Genetic Determinants of Aging and Longevity

Aging is a natural process that all living things have to go through. It is characterized by the gradual loss of function and stability at the molecular, cellular, tissue, and organ levels. This process is often accompanied by the development of age-related diseases, such as cardiovascular disease, musculoskeletal issues, neurodegenerative diseases, and cancer. During the COVID-19 pandemic, the relationship between aging and the immune system became particularly important, as older individuals have a higher risk of developing serious complications and death from the virus compared to younger people. However, there have also been reports of 100-year-old individuals who have successfully survived COVID-19 (some mentioned in our recent paper).

The rate of aging and life expectancy can be influenced by various factors, including genetics, which is believed to account for up to 30% of the variation in human lifespan. It has been found that siblings of people who have lived beyond the age of 105 are 35 times more likely to live to 100 years old than the average population. While progress has been made in identifying genes and metabolic pathways that may be involved in extending the lifespan of model organisms, it is still unclear to what extent these findings can be applied to humans due to the complexity of human biology and society, as well as potential differences in lifespan and causes of mortality between species. 

There are several genes that have been linked to longevity in humans. One such gene is FOXO3A, which is thought to regulate the aging process by controlling cellular stress responses and promoting DNA repair. Another gene, APOE, has been associated with increased risk of age-related diseases such as Alzheimer's disease, but certain variations of the gene have also been linked to increased lifespan. The SIRT1 gene, which is involved in regulating metabolism, has also been linked to longevity in some studies. Other genes that have been associated with increased lifespan include the Lamin A/C gene, the telomere-associated gene TERC, and the P16INK4a gene, which is involved in the regulation of cell cycle progression. There are several large databases of candidate genes associated with human longevity and aging including AgeFactDB, Digital Aging Atlas, AGEMAP, and a set of databases from Human Aging Genomic Resources (HAGR), helping researchers to study the genetics of human aging using modern approaches.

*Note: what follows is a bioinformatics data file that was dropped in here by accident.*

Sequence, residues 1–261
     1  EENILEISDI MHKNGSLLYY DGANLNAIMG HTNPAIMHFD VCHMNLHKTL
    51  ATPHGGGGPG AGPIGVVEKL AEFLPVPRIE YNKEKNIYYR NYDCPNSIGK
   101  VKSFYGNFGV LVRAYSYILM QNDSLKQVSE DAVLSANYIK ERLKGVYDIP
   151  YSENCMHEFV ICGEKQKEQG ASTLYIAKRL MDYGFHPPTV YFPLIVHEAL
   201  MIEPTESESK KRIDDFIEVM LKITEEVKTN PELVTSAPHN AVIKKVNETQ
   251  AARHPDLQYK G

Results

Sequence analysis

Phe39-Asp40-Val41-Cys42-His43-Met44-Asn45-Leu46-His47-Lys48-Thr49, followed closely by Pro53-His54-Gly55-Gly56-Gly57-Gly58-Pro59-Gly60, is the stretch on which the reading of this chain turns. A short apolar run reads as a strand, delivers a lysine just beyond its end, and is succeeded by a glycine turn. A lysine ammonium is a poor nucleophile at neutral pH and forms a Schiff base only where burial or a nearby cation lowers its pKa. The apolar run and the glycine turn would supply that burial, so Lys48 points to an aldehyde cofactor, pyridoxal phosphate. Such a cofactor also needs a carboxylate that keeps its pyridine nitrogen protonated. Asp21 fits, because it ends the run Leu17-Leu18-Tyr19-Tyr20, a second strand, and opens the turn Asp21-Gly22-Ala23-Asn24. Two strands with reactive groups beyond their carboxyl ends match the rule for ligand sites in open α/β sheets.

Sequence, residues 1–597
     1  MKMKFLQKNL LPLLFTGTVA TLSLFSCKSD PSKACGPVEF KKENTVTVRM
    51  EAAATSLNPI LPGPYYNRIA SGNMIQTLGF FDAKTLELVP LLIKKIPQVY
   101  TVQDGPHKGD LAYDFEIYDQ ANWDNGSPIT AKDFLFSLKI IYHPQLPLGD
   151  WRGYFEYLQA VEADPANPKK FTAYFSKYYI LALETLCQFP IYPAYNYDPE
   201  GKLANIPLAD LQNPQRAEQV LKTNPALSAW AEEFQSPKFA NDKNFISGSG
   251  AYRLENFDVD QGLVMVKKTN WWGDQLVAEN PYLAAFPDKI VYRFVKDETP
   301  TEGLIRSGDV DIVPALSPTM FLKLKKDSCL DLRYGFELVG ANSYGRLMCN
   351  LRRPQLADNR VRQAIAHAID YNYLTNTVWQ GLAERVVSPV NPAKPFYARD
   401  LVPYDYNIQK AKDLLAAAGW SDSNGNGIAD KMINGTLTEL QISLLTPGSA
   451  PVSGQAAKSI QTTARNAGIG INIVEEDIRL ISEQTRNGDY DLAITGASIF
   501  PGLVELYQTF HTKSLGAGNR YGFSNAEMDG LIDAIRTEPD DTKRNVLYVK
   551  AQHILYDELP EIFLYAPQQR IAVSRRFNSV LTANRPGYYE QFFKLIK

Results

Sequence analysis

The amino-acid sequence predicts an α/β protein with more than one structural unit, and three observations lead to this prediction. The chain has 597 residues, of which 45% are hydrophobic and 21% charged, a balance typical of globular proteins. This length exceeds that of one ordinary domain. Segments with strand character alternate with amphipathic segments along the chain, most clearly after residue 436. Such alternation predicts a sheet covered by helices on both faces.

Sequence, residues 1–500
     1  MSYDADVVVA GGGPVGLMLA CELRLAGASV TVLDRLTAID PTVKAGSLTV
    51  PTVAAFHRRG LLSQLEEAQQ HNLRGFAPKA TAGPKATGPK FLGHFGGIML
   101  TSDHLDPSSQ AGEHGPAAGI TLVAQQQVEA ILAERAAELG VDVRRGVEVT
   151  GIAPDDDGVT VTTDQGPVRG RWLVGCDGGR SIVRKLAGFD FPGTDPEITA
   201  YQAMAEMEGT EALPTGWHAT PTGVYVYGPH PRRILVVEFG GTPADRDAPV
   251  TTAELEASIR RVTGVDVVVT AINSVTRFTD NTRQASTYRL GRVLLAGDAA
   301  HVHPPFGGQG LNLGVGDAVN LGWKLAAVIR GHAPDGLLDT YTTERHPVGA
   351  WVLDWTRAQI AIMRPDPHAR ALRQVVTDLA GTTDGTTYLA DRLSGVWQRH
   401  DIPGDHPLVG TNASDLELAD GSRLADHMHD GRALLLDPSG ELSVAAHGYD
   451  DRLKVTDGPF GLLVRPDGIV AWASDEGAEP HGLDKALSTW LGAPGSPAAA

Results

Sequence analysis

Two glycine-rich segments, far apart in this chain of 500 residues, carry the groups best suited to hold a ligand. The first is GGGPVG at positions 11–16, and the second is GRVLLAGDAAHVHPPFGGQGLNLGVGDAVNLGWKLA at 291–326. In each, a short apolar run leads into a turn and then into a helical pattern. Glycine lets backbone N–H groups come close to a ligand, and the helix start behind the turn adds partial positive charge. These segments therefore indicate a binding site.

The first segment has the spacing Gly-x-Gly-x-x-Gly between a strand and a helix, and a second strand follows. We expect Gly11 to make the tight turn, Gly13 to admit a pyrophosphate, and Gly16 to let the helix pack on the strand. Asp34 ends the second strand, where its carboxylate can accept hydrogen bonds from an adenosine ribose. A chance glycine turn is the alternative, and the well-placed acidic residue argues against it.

Recent molecular genetic methods have provided new opportunities for studying the genetic basis of human aging and longevity. This includes the examination of individual candidate genes in population studies, variations identified through the GWAS (genome-wide association study) method, differences in immune function related to aging, and genomic studies to identify factors of "healthy aging." By understanding the mechanisms behind the factors that influence lifespan and the possibility of regulating them, it may be possible to develop strategies for achieving healthy longevity.


Kunizheva SS, Volobaev VP, Plotnikova MY, Kupriyanova DA, Kuznetsova IL, Tyazhelova TV, Rogaev EI. Current Trends and Approaches to the Search for Genetic Determinants of Aging and Longevity. Russ J Genet. 2022;58(12):1427-1443. doi: 10.1134/S1022795422120067. Epub 2022 Dec 28. PMID: 36590179; PMCID: PMC9794410.


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